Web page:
My mother goes to the edge of the hilltop and looks down the path to the town, but there’s no-one to be seen. Artie tries to free himself from Dad’s iron grasp and can’t. He whinges that his hand is hurting.

My mother comes back, and my father holds out his hand for the bracelet.

I hesitate, not wanting to let it go. It’s mine. The Fancy-Dress-Man gave it to me. I’ve seen in his dark eyes that he’s kind, that the gift is meant for me alone. My jaw juts rebelliously.

“Let me see it,” my father says.

With great reluctance I hand it over. Immediately I feel naked without it, my hand where it nestled warm against my palm, cold and lost. A tear sneaks its way out of the corner of my eye and runs down my cheek.

My father’s voice is full of awe. “Look at the work on the dragon head terminals. This is exquisite craftsmanship. It’s old, very old.”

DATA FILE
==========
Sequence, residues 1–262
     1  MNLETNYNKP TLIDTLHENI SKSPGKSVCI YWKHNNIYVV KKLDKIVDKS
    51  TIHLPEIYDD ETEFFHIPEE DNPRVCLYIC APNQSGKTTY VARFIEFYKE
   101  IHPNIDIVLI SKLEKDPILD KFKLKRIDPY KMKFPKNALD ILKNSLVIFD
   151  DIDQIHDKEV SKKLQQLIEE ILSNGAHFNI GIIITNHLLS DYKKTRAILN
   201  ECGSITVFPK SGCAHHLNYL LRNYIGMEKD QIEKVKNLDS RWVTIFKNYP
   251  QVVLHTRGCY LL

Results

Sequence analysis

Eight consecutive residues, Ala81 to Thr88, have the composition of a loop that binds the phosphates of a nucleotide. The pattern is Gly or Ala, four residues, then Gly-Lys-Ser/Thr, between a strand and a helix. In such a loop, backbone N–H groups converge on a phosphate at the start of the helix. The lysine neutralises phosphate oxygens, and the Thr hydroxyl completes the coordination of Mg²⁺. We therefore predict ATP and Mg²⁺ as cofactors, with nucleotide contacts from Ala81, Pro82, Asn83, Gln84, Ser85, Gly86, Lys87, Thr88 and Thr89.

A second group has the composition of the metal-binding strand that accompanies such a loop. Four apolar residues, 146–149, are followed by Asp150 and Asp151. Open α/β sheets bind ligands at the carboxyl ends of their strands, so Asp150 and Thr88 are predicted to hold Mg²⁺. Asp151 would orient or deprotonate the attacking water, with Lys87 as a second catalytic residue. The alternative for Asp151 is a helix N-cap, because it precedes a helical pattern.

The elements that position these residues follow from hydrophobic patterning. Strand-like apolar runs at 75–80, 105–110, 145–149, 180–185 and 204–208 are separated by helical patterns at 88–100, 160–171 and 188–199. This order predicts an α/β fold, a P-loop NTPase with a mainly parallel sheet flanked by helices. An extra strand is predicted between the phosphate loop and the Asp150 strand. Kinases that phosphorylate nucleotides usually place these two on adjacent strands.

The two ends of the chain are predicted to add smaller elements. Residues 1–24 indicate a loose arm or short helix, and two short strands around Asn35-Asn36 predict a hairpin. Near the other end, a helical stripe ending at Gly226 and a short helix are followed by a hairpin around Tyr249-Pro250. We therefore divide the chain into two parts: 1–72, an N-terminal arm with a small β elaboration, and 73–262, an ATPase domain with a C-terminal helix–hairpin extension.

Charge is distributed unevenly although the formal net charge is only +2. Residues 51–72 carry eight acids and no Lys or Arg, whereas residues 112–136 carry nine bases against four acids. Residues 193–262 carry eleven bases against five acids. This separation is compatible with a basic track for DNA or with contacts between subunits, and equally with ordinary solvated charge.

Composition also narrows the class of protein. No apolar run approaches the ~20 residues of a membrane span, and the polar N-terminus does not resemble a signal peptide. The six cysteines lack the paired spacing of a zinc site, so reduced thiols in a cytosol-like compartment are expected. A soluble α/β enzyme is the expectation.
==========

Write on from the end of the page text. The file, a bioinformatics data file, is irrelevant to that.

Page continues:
“It’s mine,” I say tearfully, “the Fancy-Dress-Man gave it me.”

My mother’s gloved hand, tight around mine, is reassuring rather than admonishing. “Of course it’s yours,” she says, and I don’t hear the strain in her voice or see the unhealthy flush to her thin cheeks. “You shall have it as soon as Daddy has taken a good look at it.”

So I do eventually, after my father has completed his research and shown it to his fellow Dark Age scholars. He never tells me what he’s concluded, and I never ask. It’s enough that it’s mine again, my present from the Fancy-Dress-Man.

Too big for my wrist for years, I keep it in the little wooden jewellery chest my mother gives me before she dies. I have her to thank for it. She insists my father let me keep the bracelet, so I feel it’s a present from her as well as the Fancy-Dress-Man.